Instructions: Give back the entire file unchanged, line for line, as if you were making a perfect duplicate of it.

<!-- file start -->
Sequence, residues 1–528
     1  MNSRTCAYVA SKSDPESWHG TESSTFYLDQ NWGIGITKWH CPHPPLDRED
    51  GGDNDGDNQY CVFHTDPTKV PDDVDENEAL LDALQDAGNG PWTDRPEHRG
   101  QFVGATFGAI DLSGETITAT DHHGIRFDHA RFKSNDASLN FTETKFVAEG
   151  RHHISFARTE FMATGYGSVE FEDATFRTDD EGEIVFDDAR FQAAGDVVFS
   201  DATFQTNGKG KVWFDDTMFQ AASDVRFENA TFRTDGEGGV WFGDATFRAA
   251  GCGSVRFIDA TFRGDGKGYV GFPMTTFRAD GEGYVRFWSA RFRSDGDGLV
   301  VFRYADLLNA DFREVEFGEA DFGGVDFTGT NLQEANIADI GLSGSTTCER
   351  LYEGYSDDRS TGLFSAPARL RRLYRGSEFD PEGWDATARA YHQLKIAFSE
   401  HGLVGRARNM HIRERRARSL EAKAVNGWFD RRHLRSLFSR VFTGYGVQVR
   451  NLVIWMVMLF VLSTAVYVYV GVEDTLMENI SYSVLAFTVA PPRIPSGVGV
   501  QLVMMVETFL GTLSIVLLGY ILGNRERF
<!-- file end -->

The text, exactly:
Sequence, residues 1–528
     1  MNSRTCAYVA SKSDPESWHG TESSTFYLDQ NWGIGITKWH CPHPPLDRED
    51  GGDNDGDNQY CVFHTDPTKV PDDVDENEAL LDALQDAGNG PWTDRPEHRG
   101  QFVGATFGAI DLSGETITAT DHHGIRFDHA RFKSNDASLN FTETKFVAEG
   151  RHHISFARTE FMATGYGSVE FEDATFRTDD EGEIVFDDAR FQAAGDVVFS
   201  DATFQTNGKG KVWFDDTMFQ AASDVRFENA TFRTDGEGGV WFGDATFRAA
   251  GCGSVRFIDA TFRGDGKGYV GFPMTTFRAD GEGYVRFWSA RFRSDGDGLV
   301  VFRYADLLNA DFREVEFGEA DFGGVDFTGT NLQEANIADI GLSGSTTCER
   351  LYEGYSDDRS TGLFSAPARL RRLYRGSEFD PEGWDATARA YHQLKIAFSE
   401  HGLVGRARNM HIRERRARSL EAKAVNGWFD RRHLRSLFSR VFTGYGVQVR
   451  NLVIWMVMLF VLSTAVYVYV GVEDTLMENI SYSVLAFTVA PPRIPSGVGV
   501  QLVMMVETFL GTLSIVLLGY ILGNRERF